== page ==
Architecture's finest compete to design Australia’s tallest tower
Some of architecture's biggest names are vying to lead a new mixed-use skyscraper development on a prominent site in Melbourne, Australia. From twisting greenery-covered towers to an "illuminated cloud," the six designs for Southbank by Beulah show the firms letting their imaginations run wild. Furthermore, most of the designs show towers that would become Australia's new tallest skyscraper if built.
Local developer Beulah International purchased the prominent 6,061 sq m (65,240 sq ft) Southbank plot currently taken up by a BMW dealership late last year. The project will have a total budget of AUD 2 billion (around US$1.47 billion).
Several of the architecture firms involved will likely be familiar to regular New Atlas readers, including MAD, UNStudio, BIG, Coop Himmelb(l)au, OMA, and MVRDV. The projects range in size, however all but one is confirmed taller than Australia's – and the entire southern hemisphere's – tallest tower, the Q1, in Queensland (the height of one of the designs hasn't yet been revealed).
Below, we briefly cover each design, but head to the gallery to see more on each. We'll also be back with the winner when it's unveiled, which is expected to be sometime this month.
Urban Tree - MAD Architects and Elenberg Fraser
MAD and Elenberg Fraser's nature-infused Urban Tree skyscraper would rise to a total of 360 m (1,181 ft)-tall and provide pedestrian access to a "mountain village" (a familiar theme for MAD) that includes a playground, artwork, and a water feature. Elsewhere in the tower would be residential and office space. It would be topped by a novel platform called "The Cloud" that would house the hotel's public amenities and change appearance with LEDs.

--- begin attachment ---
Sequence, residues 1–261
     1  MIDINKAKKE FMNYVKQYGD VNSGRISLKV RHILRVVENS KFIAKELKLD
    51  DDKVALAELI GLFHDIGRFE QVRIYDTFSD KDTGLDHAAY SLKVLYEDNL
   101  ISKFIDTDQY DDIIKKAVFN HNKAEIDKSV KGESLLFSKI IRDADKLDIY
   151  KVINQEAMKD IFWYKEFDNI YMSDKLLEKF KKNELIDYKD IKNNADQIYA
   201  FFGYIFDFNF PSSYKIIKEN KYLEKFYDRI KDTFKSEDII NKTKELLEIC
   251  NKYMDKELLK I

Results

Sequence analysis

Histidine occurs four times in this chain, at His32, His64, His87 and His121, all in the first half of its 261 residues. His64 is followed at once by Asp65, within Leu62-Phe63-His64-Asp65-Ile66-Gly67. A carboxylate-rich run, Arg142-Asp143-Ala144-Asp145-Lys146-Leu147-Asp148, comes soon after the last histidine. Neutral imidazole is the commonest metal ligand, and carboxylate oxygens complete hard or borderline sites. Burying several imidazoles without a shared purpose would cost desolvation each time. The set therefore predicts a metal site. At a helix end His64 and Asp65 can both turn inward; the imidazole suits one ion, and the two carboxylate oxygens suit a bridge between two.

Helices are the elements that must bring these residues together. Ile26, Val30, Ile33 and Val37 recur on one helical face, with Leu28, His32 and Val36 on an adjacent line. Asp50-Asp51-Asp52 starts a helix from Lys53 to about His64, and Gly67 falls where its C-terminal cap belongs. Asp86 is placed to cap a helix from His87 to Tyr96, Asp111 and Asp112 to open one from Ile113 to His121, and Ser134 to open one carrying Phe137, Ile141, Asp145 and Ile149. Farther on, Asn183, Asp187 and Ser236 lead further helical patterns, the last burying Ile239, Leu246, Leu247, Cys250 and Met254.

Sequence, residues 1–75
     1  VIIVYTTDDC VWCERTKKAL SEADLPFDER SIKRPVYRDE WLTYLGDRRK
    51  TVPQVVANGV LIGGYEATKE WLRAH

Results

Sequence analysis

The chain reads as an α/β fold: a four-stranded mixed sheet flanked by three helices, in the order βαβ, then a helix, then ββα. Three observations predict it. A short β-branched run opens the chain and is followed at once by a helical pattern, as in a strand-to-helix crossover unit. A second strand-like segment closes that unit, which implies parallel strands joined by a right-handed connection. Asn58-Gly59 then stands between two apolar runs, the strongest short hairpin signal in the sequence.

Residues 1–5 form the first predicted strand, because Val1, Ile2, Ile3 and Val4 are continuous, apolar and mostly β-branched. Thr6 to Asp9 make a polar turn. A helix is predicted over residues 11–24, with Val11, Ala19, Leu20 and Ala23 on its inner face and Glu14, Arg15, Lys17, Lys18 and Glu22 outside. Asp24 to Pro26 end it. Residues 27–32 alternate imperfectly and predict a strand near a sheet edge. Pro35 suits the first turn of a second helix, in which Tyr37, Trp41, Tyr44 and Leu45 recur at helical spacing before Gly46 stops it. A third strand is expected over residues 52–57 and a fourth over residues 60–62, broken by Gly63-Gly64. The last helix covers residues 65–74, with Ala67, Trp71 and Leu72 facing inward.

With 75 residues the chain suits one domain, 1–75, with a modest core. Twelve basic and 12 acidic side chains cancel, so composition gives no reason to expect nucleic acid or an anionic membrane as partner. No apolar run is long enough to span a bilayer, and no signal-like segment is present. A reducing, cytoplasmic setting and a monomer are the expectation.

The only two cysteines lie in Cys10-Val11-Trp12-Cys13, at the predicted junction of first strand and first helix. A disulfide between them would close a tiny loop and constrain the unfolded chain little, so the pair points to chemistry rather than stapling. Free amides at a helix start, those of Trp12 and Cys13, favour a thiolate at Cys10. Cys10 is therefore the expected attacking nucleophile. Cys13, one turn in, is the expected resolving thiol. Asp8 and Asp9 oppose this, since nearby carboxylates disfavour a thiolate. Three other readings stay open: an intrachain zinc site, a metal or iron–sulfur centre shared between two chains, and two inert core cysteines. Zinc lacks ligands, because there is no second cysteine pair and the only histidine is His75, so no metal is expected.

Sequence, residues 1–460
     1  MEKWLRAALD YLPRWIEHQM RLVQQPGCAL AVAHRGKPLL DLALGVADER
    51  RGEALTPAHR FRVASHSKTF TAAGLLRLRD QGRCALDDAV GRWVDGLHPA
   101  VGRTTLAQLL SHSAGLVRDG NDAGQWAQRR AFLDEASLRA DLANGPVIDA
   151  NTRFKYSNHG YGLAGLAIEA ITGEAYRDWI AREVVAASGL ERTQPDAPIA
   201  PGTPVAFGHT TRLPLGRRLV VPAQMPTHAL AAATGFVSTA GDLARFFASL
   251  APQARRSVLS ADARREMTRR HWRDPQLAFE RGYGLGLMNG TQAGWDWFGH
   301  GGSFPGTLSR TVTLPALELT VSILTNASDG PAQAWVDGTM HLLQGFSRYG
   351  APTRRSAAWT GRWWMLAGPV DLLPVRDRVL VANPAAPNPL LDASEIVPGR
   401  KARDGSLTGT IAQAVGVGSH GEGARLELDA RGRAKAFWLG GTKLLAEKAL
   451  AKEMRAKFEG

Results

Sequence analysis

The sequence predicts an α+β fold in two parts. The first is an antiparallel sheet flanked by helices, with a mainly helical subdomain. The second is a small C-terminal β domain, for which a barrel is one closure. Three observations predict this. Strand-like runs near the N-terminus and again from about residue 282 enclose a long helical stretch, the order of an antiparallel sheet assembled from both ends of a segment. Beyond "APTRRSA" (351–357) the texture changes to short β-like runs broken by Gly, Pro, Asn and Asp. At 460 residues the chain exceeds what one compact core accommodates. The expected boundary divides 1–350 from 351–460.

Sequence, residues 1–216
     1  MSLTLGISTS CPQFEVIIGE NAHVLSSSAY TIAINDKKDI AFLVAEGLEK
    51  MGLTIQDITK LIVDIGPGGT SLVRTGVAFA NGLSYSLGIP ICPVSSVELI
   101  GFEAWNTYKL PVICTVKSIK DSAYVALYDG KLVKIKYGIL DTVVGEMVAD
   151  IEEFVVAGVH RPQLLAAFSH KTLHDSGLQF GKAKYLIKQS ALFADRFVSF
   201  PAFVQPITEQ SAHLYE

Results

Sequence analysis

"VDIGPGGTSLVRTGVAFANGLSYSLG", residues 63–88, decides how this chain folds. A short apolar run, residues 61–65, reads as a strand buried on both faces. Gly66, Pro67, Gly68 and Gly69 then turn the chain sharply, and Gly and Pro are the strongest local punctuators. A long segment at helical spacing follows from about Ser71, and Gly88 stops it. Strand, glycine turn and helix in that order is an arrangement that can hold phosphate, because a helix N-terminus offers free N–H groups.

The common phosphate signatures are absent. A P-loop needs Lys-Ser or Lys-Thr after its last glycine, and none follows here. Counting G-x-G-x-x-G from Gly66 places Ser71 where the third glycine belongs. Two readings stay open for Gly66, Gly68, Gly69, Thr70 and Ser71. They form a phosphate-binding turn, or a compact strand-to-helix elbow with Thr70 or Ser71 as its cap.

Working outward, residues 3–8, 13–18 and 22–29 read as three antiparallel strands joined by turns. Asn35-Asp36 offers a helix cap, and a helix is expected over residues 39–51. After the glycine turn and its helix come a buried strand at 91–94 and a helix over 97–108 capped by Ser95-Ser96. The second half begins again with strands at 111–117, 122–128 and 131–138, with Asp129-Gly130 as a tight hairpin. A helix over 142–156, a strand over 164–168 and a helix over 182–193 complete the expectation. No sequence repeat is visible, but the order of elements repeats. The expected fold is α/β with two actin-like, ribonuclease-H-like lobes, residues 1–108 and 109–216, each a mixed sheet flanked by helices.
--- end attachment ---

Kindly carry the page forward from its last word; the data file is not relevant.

Green Spine - UNStudio and Cox Architecture
The Green Spine, by UNStudio and Cox Architecture, envisions two twisting glass towers that are defined by their greenery-covered terraces. The taller residential tower, which would reach 356.2 m (1,168 ft), would offer pedestrian access to a public Botanic Garden at its top, while the smaller tower would reach a height of 252.2 m (827 ft) and host office and hotel space.
The Lanescraper - Bjarke Ingels Group and Fender Katsalidis Architects
Taking the form of a pile of stacked glazed blocks, Lanescraper from BIG and Fender Katsalidis Architects would include an auditorium with a capacity of over 3,000, as well as a BMW experience center that takes up four levels, and is connected by a central void and car lift. The building would reach 359.6 m (1,179 ft), and also host retail and cultural amenities, such as a library, cafes, and restaurants. Elsewhere in the building would be office space, hotel rooms, and residential units.
The Beulah Propeller City - Coop Himmelb(l)au and Architectus
The Beulah Propeller City, by Coop Himmelb(l)au and Architectus, would consist of four main parts: a public podium, office space, hotel space, and apartments. The tower would reach a height of 335 m (1,100 ft), and be topped by a penthouse. This plush pad would offer a private garden and pool, as well as fantastic views of Melbourne.
Stack - MVRDV and Woods Bagot
MVRDV and Woods Bagot's Stack would, well, stack large interconnected spaces including parks, retail facilities, residential areas, hotels and something called an "underwater city window," to create a well-connected vertical city. The building would rise to 359 m (1,177 ft) and be topped by a rainforest-style garden. Each section would have its own appearance from outside and lend the building a distinctive patterned look.
Unnamed project - OMA and Conrad Gargett
This colorful project, by OMA and Conrad Gargett, emphasizes its base, which would host a ground-floor market inspired by local historic arcades and vaulted markets. The base would also feature cultural, commercial, educational and social elements, with retail and dining areas. The upper parts of the tower would be dedicated to office spaces, a hotel, and residences – the latter situated at the top to maximize views and daylight. As well as lacking a name, its height has also not been revealed.
Update August 6, 2018: The height of the OMA design has been given as 345 m (1,132 ft), meaning that whichever Southbank by Beulah tower design is chosen, the building would become Australia's tallest skyscraper.
Source: Southbank by Beulah